It’s true: sometimes leaving goes smoothly. Sometimes the abuser just curses the abused behind her back and moves on. Or sometimes they yell and threaten all sorts of terrifying retribution (which is a more traumatic experience than you realize, unless you’ve been there yourself) but don’t actually follow through on their threats. But other times:
Most spousal murders happen just as a woman is planning to leave, or actually leaving the relationship. Staying is dangerous, but usually less dangerous than leaving, hence they stay.
Now. Sources are important, so listen up: it’s painfully telling that this quote comes from an article not on the topic of why women stay with abusers, but on why women sometimes kill their abusers. If staying and leaving both put her and her loved ones (kids, pets, her parents he’s threatened to kill if she leaves) at risk of being killed, what’s the third option here? Eliminate the threat. Kill the abuser. This article I’m quoting is from people who would like to prevent “battered woman” killings – not so much out of concern for the abusers’ lives as for what becoming a murderer does to the abused person.
How’s this for irony? Feminism has saved a lot of abusive men’s lives.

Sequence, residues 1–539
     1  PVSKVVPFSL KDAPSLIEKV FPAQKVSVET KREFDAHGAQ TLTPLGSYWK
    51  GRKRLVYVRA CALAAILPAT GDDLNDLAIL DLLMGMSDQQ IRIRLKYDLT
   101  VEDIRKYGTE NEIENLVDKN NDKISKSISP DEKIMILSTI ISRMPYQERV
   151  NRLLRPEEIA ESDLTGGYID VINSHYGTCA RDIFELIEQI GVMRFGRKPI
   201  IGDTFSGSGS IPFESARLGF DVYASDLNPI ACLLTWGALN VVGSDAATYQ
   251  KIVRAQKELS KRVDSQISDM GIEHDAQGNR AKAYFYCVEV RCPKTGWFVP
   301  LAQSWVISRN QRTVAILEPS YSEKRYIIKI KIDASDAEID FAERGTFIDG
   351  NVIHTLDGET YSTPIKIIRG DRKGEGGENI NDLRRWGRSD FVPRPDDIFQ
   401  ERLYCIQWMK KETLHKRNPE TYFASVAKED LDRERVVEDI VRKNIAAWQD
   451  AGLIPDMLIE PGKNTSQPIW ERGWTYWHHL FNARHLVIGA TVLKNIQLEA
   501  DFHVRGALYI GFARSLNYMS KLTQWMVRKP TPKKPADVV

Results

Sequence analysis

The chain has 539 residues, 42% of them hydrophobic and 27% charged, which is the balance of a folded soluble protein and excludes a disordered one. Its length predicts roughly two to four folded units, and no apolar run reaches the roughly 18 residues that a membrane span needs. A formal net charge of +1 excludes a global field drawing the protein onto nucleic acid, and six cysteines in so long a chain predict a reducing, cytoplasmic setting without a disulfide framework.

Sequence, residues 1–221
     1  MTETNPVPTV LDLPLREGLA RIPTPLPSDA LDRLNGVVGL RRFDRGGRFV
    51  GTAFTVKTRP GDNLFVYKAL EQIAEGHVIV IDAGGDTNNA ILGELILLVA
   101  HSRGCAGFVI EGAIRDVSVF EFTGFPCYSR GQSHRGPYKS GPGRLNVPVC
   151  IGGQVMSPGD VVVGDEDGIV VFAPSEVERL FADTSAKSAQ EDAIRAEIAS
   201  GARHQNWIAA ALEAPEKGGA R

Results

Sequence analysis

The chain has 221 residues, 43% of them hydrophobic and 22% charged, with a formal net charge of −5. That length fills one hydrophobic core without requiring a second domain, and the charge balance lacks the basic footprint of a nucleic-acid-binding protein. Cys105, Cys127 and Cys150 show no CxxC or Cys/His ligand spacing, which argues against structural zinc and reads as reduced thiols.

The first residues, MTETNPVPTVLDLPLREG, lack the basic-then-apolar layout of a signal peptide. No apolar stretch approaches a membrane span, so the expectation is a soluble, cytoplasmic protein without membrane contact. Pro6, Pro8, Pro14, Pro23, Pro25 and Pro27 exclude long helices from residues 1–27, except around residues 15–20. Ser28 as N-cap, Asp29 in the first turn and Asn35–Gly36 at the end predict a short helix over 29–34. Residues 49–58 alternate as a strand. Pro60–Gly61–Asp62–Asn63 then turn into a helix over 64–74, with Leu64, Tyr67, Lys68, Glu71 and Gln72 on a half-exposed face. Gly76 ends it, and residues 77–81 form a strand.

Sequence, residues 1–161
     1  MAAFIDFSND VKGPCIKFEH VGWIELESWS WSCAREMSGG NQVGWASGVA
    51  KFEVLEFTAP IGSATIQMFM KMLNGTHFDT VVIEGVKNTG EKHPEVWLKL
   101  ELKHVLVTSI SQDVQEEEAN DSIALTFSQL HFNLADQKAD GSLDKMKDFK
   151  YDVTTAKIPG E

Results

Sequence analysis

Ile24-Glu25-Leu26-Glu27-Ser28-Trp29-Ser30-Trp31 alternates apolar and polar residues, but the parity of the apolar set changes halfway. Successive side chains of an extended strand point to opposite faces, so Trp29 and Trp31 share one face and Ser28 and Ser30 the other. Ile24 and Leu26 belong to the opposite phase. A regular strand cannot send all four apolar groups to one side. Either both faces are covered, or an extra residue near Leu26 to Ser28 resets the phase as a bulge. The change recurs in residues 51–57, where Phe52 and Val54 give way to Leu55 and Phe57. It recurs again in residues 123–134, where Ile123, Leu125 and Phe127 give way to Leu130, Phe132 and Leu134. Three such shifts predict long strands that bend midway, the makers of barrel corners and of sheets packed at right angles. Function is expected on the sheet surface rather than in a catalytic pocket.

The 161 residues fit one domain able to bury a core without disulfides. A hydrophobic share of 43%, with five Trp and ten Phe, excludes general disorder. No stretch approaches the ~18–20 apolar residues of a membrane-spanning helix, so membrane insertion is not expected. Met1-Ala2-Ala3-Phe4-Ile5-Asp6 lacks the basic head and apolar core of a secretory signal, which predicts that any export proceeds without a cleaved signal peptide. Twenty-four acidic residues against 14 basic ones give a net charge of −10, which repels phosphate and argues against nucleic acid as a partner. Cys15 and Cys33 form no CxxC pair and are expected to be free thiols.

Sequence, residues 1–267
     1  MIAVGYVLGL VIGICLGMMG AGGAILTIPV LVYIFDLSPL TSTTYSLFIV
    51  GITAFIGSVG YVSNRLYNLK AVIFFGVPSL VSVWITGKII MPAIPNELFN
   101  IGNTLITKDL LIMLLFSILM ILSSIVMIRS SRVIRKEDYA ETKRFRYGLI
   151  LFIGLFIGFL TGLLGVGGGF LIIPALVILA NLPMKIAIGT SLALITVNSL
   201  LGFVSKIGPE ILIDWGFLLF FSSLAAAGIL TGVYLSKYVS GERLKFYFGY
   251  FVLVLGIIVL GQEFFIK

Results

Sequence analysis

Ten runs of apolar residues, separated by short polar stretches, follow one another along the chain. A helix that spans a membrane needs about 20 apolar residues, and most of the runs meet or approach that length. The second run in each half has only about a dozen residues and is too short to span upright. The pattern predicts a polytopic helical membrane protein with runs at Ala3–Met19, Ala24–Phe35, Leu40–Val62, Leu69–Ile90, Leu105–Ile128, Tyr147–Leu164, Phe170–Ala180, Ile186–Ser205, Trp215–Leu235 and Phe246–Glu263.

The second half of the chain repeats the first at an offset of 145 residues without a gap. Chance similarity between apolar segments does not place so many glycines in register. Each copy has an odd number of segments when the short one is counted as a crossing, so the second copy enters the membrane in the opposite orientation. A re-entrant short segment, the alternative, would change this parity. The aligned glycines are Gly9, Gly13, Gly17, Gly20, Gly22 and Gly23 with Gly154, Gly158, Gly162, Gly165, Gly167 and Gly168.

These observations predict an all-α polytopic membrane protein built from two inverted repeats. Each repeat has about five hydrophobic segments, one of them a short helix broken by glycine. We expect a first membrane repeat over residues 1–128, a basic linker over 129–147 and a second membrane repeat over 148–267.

Data from the Bureau of Justice Statistics tell us that in the United States, more than 1,000 women and more than 300 men are killed annually due to intimate partner violence. At one time, these numbers were roughly even. This was before women’s shelters and other services for female victims were introduced to provide an alternative avenue of escape. This fact—that domestic violence services are saving the lives of more men than women—is little noted. In any case, today, men clearly are more likely to kill their partners than women are to kill theirs.
Bold emphasis mine. This clearly suggests that the more empowered women feel to leave safely, the more likely they are to do so. Peacefully. Sensibly.
Two other factors that have helped improve statistics: people getting married later in life (with more life experience to draw from) and the increased ability of women to provide for themselves monetarily. The once very common question of “How will I feed myself (and the kids) without his income?” is less of a consideration today. It’s not gone – we can’t yet say we’ve done enough to empower women to help themselves. But we’ve made some steps in the right direction, and we can take some more.